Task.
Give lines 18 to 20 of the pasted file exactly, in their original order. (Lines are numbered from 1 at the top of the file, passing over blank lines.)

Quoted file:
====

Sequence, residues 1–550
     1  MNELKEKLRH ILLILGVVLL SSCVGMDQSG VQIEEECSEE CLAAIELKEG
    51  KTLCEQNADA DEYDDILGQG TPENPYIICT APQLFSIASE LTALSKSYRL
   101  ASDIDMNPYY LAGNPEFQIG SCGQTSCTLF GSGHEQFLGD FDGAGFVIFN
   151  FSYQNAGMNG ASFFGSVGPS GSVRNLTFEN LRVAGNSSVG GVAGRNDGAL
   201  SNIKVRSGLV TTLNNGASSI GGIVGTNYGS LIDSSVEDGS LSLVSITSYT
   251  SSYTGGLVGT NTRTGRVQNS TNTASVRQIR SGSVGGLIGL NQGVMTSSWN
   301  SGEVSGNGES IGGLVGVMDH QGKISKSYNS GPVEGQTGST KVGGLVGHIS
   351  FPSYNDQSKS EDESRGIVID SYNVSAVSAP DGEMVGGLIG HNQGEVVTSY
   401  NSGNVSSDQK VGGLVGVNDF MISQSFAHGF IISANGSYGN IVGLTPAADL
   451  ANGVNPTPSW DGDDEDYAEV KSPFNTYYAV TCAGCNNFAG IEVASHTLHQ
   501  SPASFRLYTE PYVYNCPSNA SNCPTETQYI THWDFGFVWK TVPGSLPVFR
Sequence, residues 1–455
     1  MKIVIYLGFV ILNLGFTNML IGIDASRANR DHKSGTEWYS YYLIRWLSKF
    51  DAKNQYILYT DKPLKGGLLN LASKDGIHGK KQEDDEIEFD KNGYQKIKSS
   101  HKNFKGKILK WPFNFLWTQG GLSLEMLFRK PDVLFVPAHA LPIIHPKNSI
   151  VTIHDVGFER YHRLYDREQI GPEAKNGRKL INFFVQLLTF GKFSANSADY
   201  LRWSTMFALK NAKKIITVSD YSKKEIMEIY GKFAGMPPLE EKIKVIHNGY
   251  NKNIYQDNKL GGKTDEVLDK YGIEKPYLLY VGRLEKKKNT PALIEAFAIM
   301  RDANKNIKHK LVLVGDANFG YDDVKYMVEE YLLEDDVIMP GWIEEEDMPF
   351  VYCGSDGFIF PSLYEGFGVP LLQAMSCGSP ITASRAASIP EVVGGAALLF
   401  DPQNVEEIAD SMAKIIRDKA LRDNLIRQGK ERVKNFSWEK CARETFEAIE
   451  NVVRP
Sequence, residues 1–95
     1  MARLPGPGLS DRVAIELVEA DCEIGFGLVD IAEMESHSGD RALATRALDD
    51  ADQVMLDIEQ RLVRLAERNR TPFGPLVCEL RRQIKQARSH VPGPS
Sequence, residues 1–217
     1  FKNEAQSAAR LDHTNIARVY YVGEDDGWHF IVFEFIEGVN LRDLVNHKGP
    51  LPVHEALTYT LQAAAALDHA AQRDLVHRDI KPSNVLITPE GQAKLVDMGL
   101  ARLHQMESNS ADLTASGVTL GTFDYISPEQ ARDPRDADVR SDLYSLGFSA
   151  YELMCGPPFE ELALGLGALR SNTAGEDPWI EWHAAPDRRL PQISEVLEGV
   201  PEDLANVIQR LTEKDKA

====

   201  LRWSTMFALK NAKKIITVSD YSKKEIMEIY GKFAGMPPLE EKIKVIHNGY
   251  NKNIYQDNKL GGKTDEVLDK YGIEKPYLLY VGRLEKKKNT PALIEAFAIM
   301  RDANKNIKHK LVLVGDANFG YDDVKYMVEE YLLEDDVIMP GWIEEEDMPF